Helicopter Lift Facilitates IFS HVAC Renovation for the Pattonville School District

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Work is underway on an extensive $3.1 million upgrade of heating, ventilating and air conditioning HVAC systems at four schools in the Pattonville School District in St. Louis County, with Integrated Facility Services (IFS) as the mechanical contractor. The design/build project will replace outdated equipment with new HVAC systems designed to increase energy efficiency and reduce operating costs at Pattonville High School, Pattonville Heights Middle School, Parkwood Elementary and Rose Acres Elementary. Kansas City-based Navitas is the construction manager.

During Pattonville High School’s winter break, the IFS team airlifted 70 tons (lbs) of equipment by air crane helicopter to replace the school’s HVAC rooftop units. The two-and-a-half-hour project involved 70 helicopter lifts to remove 32 existing, hard-to-reach HVAC units and replace them with 38 new HVAC units and cooling coils. 16 IFS employees were on-site along with employees of Midwest Helicopter Airways Inc., the air crane operator, and Navitas, the energy performance contractor.

The IFS project and safety management team conducted an extensive inspection prior to the helicopter lift to ensure complete safety. An area within 200’ of the helicopter lift was cleared of all loose debris, trashcans, benches, and other materials that could become flying debris hazards in the 70 MPH downwash created by the helicopter rotors. A 150’ “sterile” area was established and maintained throughout the flight activity, and only workers essential to the project were allowed on-site. The team monitored weather conditions during the week leading up to the helicopter lift, since strong, sustained winds over 35 mph would delay or cancel the project. IFS executed this lift safely and in record time.

The IFS project is part of a $10 million upgrade to improve HVAC systems; add efficiencies to kitchen, lighting and water systems; replace windows and roofs; improve weatherization; upgrade Building Automation Systems (BAS); and provide advanced data analytics. The initiative is funded through performance contracts and is scheduled to complete next August before the start of the 2019-2020 school year.

Integrated Facility Services (IFS) is a full-service HVAC, plumbing, piping, fire protection and building automation firm with more than 250 professional and trade employees. For more information, call (636) 680-2100 or (573) 442-6100 and visit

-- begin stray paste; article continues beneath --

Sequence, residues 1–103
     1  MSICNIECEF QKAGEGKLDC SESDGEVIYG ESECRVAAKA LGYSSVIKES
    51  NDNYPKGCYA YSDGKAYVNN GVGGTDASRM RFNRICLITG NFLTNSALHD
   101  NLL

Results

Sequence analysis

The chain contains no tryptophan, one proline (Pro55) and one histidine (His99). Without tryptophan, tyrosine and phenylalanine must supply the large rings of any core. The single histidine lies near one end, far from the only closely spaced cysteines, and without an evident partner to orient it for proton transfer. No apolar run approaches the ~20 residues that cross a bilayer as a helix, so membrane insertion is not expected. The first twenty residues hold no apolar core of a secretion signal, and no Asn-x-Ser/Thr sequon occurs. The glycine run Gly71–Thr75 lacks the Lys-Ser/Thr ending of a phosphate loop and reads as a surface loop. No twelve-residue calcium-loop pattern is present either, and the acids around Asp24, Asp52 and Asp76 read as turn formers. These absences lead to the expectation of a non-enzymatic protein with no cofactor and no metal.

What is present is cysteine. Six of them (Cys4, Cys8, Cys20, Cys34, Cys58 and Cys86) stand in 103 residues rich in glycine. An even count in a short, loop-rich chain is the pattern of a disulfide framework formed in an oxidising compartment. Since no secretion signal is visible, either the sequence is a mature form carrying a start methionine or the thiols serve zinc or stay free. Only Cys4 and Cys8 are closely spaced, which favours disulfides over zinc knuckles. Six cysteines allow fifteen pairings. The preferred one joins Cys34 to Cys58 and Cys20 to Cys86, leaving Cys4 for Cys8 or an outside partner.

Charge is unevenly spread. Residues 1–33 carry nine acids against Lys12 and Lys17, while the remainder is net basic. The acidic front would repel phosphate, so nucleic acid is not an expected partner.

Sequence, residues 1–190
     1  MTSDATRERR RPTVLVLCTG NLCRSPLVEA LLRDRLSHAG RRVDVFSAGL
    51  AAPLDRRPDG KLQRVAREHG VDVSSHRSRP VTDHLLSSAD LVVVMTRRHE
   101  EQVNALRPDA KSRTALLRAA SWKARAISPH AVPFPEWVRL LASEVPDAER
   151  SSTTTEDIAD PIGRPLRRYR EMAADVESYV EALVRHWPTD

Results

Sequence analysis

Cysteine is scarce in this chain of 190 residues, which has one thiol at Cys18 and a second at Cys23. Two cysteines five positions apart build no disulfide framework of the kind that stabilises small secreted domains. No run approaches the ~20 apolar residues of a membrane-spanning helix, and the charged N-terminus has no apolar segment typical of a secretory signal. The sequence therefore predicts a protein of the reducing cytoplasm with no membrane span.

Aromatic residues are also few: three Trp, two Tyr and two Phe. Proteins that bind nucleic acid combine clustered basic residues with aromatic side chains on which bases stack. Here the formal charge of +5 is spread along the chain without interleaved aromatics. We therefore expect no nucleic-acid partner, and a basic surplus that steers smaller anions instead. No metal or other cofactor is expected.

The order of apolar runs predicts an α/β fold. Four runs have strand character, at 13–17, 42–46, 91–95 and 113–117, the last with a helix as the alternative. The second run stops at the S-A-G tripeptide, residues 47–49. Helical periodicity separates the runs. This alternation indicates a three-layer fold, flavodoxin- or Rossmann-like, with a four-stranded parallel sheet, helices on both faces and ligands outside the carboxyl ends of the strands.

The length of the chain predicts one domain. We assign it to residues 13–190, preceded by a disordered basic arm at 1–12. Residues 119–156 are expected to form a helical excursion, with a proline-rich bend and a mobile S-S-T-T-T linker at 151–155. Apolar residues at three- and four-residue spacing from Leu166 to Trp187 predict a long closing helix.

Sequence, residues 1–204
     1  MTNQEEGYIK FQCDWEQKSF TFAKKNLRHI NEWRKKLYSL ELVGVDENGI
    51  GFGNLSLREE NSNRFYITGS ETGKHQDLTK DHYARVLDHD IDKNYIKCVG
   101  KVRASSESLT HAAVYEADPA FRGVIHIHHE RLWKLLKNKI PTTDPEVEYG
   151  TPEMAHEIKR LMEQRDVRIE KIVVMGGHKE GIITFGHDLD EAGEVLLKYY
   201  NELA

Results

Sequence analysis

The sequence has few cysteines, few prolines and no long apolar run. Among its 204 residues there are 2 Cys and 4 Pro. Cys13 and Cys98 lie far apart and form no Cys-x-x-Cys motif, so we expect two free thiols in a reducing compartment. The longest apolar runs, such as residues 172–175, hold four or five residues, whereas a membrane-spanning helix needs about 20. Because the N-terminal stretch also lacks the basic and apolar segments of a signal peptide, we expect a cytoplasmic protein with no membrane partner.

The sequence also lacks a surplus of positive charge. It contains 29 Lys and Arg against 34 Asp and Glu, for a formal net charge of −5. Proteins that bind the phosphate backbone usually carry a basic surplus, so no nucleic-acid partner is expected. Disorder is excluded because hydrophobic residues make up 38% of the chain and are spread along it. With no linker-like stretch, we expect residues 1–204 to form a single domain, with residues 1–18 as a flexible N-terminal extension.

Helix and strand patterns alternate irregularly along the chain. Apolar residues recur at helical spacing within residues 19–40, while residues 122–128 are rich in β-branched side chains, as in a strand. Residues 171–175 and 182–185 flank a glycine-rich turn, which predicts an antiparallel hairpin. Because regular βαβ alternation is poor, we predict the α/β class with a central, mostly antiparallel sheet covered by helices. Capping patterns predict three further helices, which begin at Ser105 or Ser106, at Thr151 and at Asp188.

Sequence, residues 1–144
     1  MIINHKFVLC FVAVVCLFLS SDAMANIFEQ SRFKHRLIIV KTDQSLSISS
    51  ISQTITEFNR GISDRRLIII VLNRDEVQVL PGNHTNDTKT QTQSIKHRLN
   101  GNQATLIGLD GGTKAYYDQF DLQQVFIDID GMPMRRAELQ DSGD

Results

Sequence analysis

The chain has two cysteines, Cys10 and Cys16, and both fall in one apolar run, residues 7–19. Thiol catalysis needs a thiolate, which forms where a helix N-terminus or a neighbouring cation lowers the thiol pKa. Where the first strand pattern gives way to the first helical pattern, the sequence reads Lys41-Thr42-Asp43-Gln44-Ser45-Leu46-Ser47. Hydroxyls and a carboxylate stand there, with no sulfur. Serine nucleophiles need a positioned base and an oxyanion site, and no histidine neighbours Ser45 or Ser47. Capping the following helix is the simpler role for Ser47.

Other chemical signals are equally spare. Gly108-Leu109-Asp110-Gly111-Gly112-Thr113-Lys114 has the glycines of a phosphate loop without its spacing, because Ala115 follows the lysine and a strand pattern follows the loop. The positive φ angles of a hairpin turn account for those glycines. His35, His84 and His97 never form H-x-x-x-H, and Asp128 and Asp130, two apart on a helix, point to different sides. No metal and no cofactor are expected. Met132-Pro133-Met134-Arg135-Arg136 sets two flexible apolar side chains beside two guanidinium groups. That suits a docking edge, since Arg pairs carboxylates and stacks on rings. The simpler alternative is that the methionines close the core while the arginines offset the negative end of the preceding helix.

How New Technology Can Help Construction Finance Professionals

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Submitted by: Jason Krankota is VP of Construction Sales, West Region at Nvoicepay

Historically, the construction industry has been one of the slowest to adopt new technology, lagging only behind agriculture in digitalization. But that’s changing as software entrepreneurs turn their attention to the needs of the deskless workforce.

The ubiquity of mobile devices, cheap and powerful cloud computing, 5G, and the Internet of Things (IoT) are all making it possible to put robust technology into the hands of deskless staff, including construction workers. The venture capital industry has taken notice—funding for construction technology has seen a steady uptick since 2013.

CFOs should partner with their IT teams to modernize their back-office systems, and prepare to handle a flood of data from the field as paper processes become digital. They should also figure out exactly what field data they want, what tools work best to get it, and how to integrate that data into their financial software. Deployed strategically, new tools can help construction finance teams resolve many challenges, including:

Business continuity planning

Family-owned businesses are common in the construction industry, and many thriving mid-market and even large companies are still majority-owned by founding families. Finance leaders need to create business continuity plans, whether that’s figuring out how to transfer company ownership to the next generation, establishing an ESOP (Employee Stock Option Plan), or selling or merging the company. There’s a lot of work involved in valuating the business, figuring out the best planning scenario, and helping negotiate relevant deals. Industry-specific ERPs (such as Viewpoint’s Vista) and cloud procurement platforms (such as Concur) can give finance professionals a better view into their numbers, help with planning scenarios, and standardize the purchasing process across acquired or merged companies. (Full disclosure: both companies are Nvoicepay partners).